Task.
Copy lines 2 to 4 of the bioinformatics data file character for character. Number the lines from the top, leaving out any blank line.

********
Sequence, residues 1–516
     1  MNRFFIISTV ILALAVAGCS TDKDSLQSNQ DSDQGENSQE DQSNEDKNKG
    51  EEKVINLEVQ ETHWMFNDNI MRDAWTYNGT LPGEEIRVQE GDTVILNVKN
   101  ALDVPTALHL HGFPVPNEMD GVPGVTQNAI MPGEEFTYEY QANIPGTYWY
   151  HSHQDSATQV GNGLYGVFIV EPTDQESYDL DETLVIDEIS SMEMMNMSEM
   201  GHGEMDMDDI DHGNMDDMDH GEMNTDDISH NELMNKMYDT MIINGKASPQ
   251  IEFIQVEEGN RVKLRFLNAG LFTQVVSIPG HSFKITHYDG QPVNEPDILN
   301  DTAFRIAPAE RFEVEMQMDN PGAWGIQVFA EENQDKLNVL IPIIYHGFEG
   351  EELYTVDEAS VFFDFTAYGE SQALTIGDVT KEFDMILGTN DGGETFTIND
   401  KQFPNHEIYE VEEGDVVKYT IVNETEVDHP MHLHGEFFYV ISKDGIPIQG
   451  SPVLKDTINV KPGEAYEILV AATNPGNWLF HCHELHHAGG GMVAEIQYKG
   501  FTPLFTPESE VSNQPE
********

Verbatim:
     1  MNRFFIISTV ILALAVAGCS TDKDSLQSNQ DSDQGENSQE DQSNEDKNKG
    51  EEKVINLEVQ ETHWMFNDNI MRDAWTYNGT LPGEEIRVQE GDTVILNVKN
   101  ALDVPTALHL HGFPVPNEMD GVPGVTQNAI MPGEEFTYEY QANIPGTYWY